Of tobacco spirits and tobacco changelings: The etymology of seripigari, Part III

In previous posts (here and here) I have worried the Matsigenka word seripigari ‘shaman’ in an effort to arrive at a decent etymology for the word. I ultimately concluded that the term was originally a compound: seri ‘tobacco’ + pigari ‘seer’, where the head of the compound is a nominalized form of the verb pig ‘hallucinate, see visions’.

Having arrived at what I find to be a fairly satisfactory conclusion to the etymological puzzle presented by seripigari, I now wish to throw a serious wrench into the works: some Matsigenkas, instead of saying seripigari, say seripegari. Moreover, as Chris Beier noted in a comment to my first post on the subject, if we look in the first published dictionary of Matsigenka, Pio Aza’s 1923 Vocabulario español-machiguenga, we actually find the seripegari variant and not the seripigari variant.

At this point, I must admit I find the occurrence of the seripegari variant to be quite mysterious, although I have three hypotheses about the form. Before I go into these in detail however, I want to observe that cognates of seripigari/seripegari are to be found in all the Kampan languages, suggesting that the term is an old one, and probably reconstructs to Proto-Kampan, which I estimate was spoken some 750-1000 years ago. So its important to keep in mind that the history of this term could be quite complex, and it will probably not be possible to lay this issue to rest until a great deal more historical work has been carried out on the Kampan family.

There are two basic ways to account for the Matsigenka facts. The first is to assume that the seripegari is essentially the Proto-Kampa form, and that seripigari is an innovation that has spread to certain dialects of Matsigenka. The second is to assume the converse: that seripigari is the original form and that seripegari is the innovation.

So, the first idea for accounting for the seripigari ~ seripegari variation is that the original form of the term in Proto-Kampa was, in fact, seripegari, and that in some varieties of Matsigenka, there was a sound shift from /e/ to /i/. We know for a fact that some Kampan varieties (e.g. certain varieties of Ashéninka) systematically experienced this very change, which suggests that we are on the right track. However, we find the form seripigari even in varieties that did not experience the systematic sound change, such as Nomatsigenga and Matsigenka itself, which raises a problem with the sound change analysis.

On the other hand, if we compare certain forms in Matsigenka with those in the closely-related language Nanti, we do see some /i/:/e/ correspondences: ponchoheni ‘bird sp.’ (Nanti), ponchoini ‘bird sp.’ (Matsigenka); pomerintsih ‘take pains doing something (v.)’ (Nanti), pomirintsi ‘work hard (v.)’ (Matsigenka); taheri ‘tree sp.’ (Nanti), tairi ‘tree sp.’ (Matsigenka). The curious thing about these correspondences is that they appear to be idiosyncratic. That is, they do not seem to be the result of regular sound changes, as it does not appear possible to identify an environment that correctly predicts the alternations. In conjunction with data from other Kampan languages, we can identify the sound change in these idiosyntractic cases as /e/ to /i/ in Matsigenka, but the reason for the sound changes in these isolated instances remains quite mysterious to me. (One possible explanation for this situation is the Matsigenka references may be mixing forms from more than one dialect, in such a way that obscures the systematicity of the sound changes.) So, examples like this seem to give credence to the idea that Matsigenka has undergone some irregular /e/ to /i/ changes, which could account for the seripigari form in Matsigenka, despite the fact that Matsigenka has not undergone a systematic /e/ to /i/ change. However, if we accept the idiosyncratic sound change hypothesis, we would be forced to hypothesize an identical idiosyncratic change in Nomatsigenka, which is not particulalry plausible.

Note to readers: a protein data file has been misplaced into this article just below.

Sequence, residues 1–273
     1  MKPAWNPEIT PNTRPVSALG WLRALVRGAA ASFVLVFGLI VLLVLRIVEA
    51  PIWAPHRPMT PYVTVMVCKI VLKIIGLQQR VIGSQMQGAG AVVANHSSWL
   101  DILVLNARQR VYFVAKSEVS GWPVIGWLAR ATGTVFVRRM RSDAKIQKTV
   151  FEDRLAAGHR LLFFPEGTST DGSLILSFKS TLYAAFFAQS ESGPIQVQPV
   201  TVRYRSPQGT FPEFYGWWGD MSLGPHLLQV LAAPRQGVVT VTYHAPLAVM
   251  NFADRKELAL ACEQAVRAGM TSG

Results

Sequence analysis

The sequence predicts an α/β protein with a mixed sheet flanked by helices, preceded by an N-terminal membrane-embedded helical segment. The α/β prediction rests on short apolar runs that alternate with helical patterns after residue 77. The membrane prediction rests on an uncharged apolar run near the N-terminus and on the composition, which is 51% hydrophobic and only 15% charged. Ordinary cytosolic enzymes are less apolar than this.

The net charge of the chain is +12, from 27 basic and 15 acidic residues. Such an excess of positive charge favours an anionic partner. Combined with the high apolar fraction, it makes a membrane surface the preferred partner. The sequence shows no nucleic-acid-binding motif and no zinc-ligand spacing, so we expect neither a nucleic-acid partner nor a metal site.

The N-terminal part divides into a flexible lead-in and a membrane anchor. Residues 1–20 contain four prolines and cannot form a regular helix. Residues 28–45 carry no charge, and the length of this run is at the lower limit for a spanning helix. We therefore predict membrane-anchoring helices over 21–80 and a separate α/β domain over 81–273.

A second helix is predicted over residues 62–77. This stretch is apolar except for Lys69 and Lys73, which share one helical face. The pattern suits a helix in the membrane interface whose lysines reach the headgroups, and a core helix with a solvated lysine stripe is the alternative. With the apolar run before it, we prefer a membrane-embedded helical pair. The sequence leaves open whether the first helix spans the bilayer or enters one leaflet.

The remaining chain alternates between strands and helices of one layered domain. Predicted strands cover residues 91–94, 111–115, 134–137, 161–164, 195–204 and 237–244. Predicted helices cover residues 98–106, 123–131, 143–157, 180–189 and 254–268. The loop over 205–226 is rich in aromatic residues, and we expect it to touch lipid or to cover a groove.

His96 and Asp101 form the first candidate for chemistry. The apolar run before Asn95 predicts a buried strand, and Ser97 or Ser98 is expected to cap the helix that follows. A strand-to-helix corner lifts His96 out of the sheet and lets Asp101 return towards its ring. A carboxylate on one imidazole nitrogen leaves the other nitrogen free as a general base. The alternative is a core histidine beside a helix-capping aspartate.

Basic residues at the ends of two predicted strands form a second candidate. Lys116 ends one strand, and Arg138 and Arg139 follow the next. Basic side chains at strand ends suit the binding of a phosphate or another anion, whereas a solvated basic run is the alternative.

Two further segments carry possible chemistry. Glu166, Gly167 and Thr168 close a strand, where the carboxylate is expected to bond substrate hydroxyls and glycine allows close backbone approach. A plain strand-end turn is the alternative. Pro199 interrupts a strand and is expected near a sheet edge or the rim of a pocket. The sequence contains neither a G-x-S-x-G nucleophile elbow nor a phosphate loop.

Another possibility is that the current distribution of seripigari and seripegari in Matsigenka is due to language contact among Kampan languages. For example, one possibility is that the occurence of the seripigari variant is a result of relatively recent language contact between Matsigenka and Ashéninka speakers, which has resulted in the displacement of the hypothesized hisotrically prior Matsigenka seripegari variant. This is not as crazy as it might first seem. I have noted, for example, that the Ashéninka word shirampari ‘man’ has displaced the Matsigenka word surari ‘man’ in parts of the Lower Urubamba River valley. I believe that the primary language contact occurred in the Picha River basin (which is an affluent of the Urubamba), where some Ashéninkas resettled in traditionally Matsigenka territories in the 1970s and 1980s to escape the violence of the Shining Path in their home territories to the west. From there, its seems that shirampari spread from Matsigenka speaker to Matsigenka speaker. I’ve heard the word in use as far east as Cashiriari, the uprivermost Matisgenka community on the Camisea River, which is quite far from the Picha Basin. (Note also that there is intense interaction between Nomatsigenga speakers, who also use the seripigari form, and Ashéninka speakers.) In certain respects I think this is a nice explanation, in that it tidily explains why there are two variants of the word in use by Matsigenka speakers. However, we would really need a lot more information to confirm or falsify this hypothesis. At the very least it would be nice to have isoglosses for the two variants. Any records about the date at which seripigari began to be used by Matsigenkas would also be helpful.